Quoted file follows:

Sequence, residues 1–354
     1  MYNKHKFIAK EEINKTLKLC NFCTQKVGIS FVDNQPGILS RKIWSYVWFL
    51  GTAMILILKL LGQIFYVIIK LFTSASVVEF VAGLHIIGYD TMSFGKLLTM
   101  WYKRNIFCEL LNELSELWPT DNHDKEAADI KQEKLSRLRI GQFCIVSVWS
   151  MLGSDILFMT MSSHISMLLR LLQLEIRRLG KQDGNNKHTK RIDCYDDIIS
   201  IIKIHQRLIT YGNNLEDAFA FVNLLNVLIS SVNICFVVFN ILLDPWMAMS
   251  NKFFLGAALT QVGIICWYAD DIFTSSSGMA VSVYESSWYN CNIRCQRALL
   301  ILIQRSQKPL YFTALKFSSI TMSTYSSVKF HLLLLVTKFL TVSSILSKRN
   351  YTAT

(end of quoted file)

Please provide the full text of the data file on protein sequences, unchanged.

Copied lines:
Sequence, residues 1–354
     1  MYNKHKFIAK EEINKTLKLC NFCTQKVGIS FVDNQPGILS RKIWSYVWFL
    51  GTAMILILKL LGQIFYVIIK LFTSASVVEF VAGLHIIGYD TMSFGKLLTM
   101  WYKRNIFCEL LNELSELWPT DNHDKEAADI KQEKLSRLRI GQFCIVSVWS
   151  MLGSDILFMT MSSHISMLLR LLQLEIRRLG KQDGNNKHTK RIDCYDDIIS
   201  IIKIHQRLIT YGNNLEDAFA FVNLLNVLIS SVNICFVVFN ILLDPWMAMS
   251  NKFFLGAALT QVGIICWYAD DIFTSSSGMA VSVYESSWYN CNIRCQRALL
   301  ILIQRSQKPL YFTALKFSSI TMSTYSSVKF HLLLLVTKFL TVSSILSKRN
   351  YTAT